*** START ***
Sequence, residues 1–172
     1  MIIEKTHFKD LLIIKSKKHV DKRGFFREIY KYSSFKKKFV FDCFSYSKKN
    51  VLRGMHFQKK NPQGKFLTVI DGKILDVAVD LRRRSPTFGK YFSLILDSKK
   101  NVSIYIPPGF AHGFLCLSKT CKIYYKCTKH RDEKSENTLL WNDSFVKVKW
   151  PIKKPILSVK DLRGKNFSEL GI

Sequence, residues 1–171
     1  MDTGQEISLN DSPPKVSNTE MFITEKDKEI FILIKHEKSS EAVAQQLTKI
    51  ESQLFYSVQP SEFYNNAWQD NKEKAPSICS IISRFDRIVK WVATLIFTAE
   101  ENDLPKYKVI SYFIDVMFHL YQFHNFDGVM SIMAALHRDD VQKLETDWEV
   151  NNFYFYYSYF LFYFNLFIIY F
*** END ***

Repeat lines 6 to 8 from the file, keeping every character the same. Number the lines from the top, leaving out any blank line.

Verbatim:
Sequence, residues 1–171
     1  MDTGQEISLN DSPPKVSNTE MFITEKDKEI FILIKHEKSS EAVAQQLTKI
    51  ESQLFYSVQP SEFYNNAWQD NKEKAPSICS IISRFDRIVK WVATLIFTAE